Middlesbrough's history as a centre for iron, steel and chemicals has left a legacy of old industrial sites, some of which may still bear traces of pollution from their previous uses. The vast majority of these sites are located in the north of the town, close to the River Tees.
Middlesbrough Council inspects land for contamination, and tries to ensure that old industrial land is regenerated. You can find out more by downloading a copy of the council's Contaminated Land Strategy.
We also have a detailed Historic Land Use Register, a collection of old maps and documents showing what land in Middlesbrough was used for in the past. For more information, please call us on 01642 726001.
In relation to land and properties in Middlesbrough we are often asked if any of the following apply (including any relating to land adjacent to, or adjoining, the property which has been identified as contaminated land because it is in such a condition that harm or pollution of controlled waters might be caused on the property):
a) a contaminated land notice
b) in relation to a register maintained under section 78R of the Environmental Protection Act 1990:
(i) a decision to make an entry
(ii) an entry
c) consultation with the owner or occupier of the property conducted under section 78G(3) of the Environmental Protection Act 1990 before the service of a remediation notice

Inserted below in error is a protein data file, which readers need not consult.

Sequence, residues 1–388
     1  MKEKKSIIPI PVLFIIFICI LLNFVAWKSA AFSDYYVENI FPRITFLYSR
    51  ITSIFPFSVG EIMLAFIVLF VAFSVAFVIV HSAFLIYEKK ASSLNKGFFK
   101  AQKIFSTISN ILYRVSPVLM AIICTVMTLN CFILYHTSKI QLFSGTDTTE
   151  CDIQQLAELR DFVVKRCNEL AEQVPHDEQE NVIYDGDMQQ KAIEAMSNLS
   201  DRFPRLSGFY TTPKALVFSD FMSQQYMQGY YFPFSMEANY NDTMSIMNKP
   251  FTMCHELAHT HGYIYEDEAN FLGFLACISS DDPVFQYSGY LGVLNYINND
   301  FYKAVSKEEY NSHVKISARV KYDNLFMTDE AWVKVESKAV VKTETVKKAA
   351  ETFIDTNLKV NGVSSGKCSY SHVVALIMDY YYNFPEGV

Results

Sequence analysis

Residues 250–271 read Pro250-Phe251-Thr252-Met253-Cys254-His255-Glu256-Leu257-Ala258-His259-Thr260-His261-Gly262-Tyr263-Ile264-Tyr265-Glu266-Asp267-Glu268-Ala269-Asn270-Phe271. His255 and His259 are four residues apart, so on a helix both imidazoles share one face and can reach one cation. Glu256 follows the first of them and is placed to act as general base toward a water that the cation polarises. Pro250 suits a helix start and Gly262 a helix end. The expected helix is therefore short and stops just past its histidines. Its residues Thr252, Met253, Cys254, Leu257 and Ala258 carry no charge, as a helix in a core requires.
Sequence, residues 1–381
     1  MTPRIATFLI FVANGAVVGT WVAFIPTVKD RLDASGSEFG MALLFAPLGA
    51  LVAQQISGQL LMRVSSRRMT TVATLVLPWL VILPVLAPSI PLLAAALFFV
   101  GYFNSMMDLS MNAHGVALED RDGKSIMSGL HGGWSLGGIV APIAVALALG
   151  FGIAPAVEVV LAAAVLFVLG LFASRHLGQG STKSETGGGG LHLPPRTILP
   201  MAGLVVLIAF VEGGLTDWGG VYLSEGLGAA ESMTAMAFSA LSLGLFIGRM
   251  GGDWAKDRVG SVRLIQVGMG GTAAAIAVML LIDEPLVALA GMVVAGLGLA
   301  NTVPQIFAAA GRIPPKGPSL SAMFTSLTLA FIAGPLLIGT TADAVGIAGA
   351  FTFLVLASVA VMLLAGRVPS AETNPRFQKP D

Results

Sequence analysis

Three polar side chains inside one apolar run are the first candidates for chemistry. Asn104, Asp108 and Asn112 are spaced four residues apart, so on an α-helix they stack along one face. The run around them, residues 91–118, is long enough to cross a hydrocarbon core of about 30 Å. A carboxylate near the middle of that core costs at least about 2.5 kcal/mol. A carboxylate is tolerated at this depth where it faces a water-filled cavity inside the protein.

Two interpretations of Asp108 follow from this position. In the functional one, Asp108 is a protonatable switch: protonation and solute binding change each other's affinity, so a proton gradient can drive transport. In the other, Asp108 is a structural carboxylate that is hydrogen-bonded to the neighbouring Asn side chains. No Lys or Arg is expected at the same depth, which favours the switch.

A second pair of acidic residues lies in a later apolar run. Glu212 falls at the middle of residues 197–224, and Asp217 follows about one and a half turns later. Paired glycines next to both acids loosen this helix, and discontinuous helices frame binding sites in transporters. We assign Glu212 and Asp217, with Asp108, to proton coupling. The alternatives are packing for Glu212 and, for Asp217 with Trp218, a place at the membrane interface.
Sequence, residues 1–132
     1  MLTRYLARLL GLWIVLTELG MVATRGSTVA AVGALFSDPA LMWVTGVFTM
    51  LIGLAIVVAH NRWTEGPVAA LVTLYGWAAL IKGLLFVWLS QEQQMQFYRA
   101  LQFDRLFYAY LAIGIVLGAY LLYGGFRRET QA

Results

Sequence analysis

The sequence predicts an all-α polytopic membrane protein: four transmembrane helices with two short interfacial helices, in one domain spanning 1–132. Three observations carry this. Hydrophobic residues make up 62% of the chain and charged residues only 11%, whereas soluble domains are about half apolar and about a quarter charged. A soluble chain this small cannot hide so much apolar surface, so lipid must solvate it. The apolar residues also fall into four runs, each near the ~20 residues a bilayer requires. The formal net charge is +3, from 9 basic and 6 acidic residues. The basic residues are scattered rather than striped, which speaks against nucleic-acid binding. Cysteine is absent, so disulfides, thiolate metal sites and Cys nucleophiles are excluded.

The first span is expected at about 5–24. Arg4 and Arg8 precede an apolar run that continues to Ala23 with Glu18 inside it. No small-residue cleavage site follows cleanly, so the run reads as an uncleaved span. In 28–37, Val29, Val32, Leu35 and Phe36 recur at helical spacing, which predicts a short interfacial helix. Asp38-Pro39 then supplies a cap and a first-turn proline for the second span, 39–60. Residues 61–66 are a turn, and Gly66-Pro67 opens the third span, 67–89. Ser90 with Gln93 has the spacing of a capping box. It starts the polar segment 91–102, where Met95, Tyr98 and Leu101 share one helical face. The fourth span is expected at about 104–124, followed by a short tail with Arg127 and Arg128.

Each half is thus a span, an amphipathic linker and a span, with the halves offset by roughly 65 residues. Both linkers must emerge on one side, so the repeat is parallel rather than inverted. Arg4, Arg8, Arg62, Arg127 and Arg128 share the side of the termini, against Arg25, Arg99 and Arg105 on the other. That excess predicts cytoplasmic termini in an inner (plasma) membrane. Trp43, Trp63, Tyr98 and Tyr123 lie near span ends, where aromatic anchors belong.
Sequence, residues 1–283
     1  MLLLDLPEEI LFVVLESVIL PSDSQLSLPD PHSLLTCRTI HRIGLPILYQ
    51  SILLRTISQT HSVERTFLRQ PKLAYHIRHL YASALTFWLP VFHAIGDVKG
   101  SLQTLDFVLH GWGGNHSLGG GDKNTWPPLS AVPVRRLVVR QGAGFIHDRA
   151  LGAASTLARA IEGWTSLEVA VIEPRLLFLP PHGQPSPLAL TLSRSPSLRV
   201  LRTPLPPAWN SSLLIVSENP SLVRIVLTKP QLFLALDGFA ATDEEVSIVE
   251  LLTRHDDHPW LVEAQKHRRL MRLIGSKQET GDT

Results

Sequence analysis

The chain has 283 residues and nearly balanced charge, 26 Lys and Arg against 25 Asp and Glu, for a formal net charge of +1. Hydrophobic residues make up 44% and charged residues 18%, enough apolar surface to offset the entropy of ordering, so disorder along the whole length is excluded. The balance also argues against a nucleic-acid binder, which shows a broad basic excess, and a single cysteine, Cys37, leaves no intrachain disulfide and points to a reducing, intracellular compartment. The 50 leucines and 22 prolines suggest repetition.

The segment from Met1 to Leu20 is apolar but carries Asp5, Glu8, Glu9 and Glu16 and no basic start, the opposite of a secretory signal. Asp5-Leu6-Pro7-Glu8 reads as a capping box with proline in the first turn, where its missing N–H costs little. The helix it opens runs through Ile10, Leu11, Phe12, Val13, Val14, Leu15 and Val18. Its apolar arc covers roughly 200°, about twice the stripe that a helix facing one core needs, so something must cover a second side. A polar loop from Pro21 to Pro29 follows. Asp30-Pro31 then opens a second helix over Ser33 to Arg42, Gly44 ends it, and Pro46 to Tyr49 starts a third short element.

Details of any of the above information will be published here. If no details are provided this means there are no notices, decisions, entries or consultations.
Although there may be no information published here, this does not imply that the property or any adjoining or adjacent land is free from contamination, or from the risk of it, or that steps have been taken by another local authority in whose area adjacent or adjoining land is situated.
For information relating to land that isn't within Middlesbrough please contact the relevant local authority.
The law on contaminated land
Middlesbrough Council has a duty to inspect all land within our area to see if it's contaminated. We look to see whether, as a result of substances in, on or under the land, there is a 'significant possibility of significant harm' (SPOSH). We have legal powers to clean up contaminated land.
For full details of what we do and how we do it, read our Contaminated Land Strategy.
Part 2A of the Environmental Protection Act (EPA) 1990, which provided a legal definition of contaminated land, was revised under the Contaminated Land (England) (Amendment) Regulations 2012. Read more about the amendment to contaminated land guidance.
We have a great deal of information about past land use and land contamination. You can contact us to discuss your specific requirements, but there may be a charge for providing some information. This is an administration charge and covers the time spent researching enquiries.
To make an enquiry, please contact:
Environmental Protection Team
Phone: 01642 726001